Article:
Why Tech is Failing at Diversity and How It Can Succeed
Kelly Nolan, co-Chair for the PEARC.org 2017 conference Workforce Development and Diversity Stream and Compute Canada’s Executive Director, External Affairs, offers this perspective piece. PEARC17 is taking place this week, July 9-13, in New Orleans.
(Published by HPCWire)
The sectors that are supposed to be all about innovation and the future continue to fail spectacularly at gender equity and diversity.
UK, US and Canada still haven’t managed to break the average 20 percent threshold for gender equity across STEM academic disciplines. And in some cases, the numbers of women are actually declining. Certain disciplines like to boast higher numbers but are still well below parity.
High-Performance Computing (HPC), Scientific Computing, Science, Technology, Engineering and Math (STEM) academic departments and the IT industry are the epicenters for wealth, power and our future prosperity.
These sectors are dominated by men who in general are blind to their privilege and of the negative experiences of women and other underrepresented groups in their fields.
A growing body of evidence makes clear that diverse teams that include women executives equal increased competitiveness, creativity, innovation and profitability. Forbes and McKinsey Global Institute conclude diversity and cultural competency will be the #1 skill for competitiveness in the knowledge economy.
The IT sector and STEM research are the most vulnerable to talent shortages. Yet, according to the Glassdoor.com, computer programming is the worst place to be if you’re expecting equal pay for equal work.
Women in HPC reports that the UK, US, Europe, and Canada have not achieved anything higher than 17 percent participation of women at HPC industry and academic conferences.
Of more than 5,000 respondents in a Compute Canada survey (non-profit that provides high performance computing services to researchers across Canada) showed only 22 percent identified as women, only 722 indicated they were visible minorities, and even more distressing only 22 were Indigenous researchers.
Efforts are focused on the wrong problem
For more than a decade, these sectors have adopted initiatives to motivate girls to study STEM and support, attract, train and retain women. None have succeeded in any big way because the focus is always on the group that is marginalized and not the dominant culture. Women are leaving or not joining these fields because the work/team environment is uncomfortable at best and unsafe at its worst.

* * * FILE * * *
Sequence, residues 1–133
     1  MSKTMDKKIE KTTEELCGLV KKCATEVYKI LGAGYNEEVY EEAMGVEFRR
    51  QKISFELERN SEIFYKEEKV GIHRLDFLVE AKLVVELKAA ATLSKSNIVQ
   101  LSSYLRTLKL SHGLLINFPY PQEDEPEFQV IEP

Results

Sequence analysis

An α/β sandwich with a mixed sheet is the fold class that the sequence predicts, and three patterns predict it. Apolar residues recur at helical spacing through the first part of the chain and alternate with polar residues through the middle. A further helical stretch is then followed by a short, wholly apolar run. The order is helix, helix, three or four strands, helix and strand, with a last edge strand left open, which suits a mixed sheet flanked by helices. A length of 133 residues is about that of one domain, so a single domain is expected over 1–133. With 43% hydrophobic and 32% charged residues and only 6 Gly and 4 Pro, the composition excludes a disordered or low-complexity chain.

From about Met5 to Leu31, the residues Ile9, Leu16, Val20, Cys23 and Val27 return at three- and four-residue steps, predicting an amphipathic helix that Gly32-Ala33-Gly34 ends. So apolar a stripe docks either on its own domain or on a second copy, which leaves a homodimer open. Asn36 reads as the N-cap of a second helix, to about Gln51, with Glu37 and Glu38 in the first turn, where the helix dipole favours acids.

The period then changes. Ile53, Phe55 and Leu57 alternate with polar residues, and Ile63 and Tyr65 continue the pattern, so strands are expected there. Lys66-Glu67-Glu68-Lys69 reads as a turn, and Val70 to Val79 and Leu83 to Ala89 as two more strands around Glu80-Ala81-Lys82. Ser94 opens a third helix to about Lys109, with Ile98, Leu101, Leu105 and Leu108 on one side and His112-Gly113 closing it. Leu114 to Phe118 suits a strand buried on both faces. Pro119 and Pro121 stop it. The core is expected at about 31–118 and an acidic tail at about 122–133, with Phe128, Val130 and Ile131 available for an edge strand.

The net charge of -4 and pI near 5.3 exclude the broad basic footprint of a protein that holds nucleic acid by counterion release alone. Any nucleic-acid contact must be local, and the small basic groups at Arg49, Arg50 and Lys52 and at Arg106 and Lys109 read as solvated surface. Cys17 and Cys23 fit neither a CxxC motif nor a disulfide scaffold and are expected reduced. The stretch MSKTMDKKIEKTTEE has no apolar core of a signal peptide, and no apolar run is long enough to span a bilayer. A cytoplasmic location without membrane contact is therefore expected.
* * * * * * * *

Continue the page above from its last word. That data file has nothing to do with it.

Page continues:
The Elephant in the Valley project asked more than 200 women in Silicon Valley to share their experiences. 65 percent of women who report unwanted sexual advances had received advances from a superior, with half receiving advances more than once. 1 in 3 have felt afraid of their personal safety because of work related circumstances. 66 percent felt excluded from key social/networking opportunities because of gender and 59 percent have felt they have not had the same opportunities as their male counterparts. 90 percent witnessed sexist behavior at company events and/or industry conferences.
The Dominant Culture Must Adapt
Women no longer willing to put up with sexual harassment and assault in the workplace in Silicon Valley have gone public with their experiences. Disgraced executives, lost business and large payouts have followed. So now that we have a stick to force gender equity, what will it take to increase men’s participation for diversity and inclusion beyond the usual photo-ops and lip service?
We need to push the burden of adaptation on the shoulders of the dominant culture and that means challenging colleagues in ways you may have avoided in the past.
Researchers at the Universities of Colorado, Texas and Singapore found women and minorities are judged harshly when promoting diversity in the workplace, and are often viewed as less effective, and receive poor performance reviews.
Understanding privilege is difficult when it is so prevalent and most men do not understand that their own experience is radically different from a colleague that is not part of the dominant culture.
Research shows punitive or obligatory diversity or cultural sensitivity training fails. However, champions for change are born through understanding and men can become informed and be powerful ambassadors. Women and visible minorities all have a story to tell; it is time to start listening.
We need more leaders to develop cultural competency as a strategic goal that is measured and supported. Managers, professors must be held accountable for closing the gender gap and it needs to be linked to performance or access to funding. We know it doesn’t just happen on its own.
Our current leaders need to think carefully about mitigating resistance to change within their organizations. Most STEM teams have similar interests, experiences and education.
These teams need to invest in understanding the experience of women and communities, professions and disciplines that are not the part of their current professional or social networks. The game has changed. Those that fight to maintain the status quo in STEM, IT and HPC are investing in a failing model that has reached its expiry date.
About the Author
Kelly Nolan is Compute Canada’s Executive Director, External Affairs to which she brings strong experience in marketing, strategic relations, diversity and inclusion and business development.
Kelly is Co-Chair for the PEARC.org 2017 conference Workforce Development and Diversity Stream. PEARC17 is currently taking place in New Orleans (July 9-13). Kelly is presenting and chairing several sessions on unconscious bias and the diversity in advanced high-performance research computing sectors.
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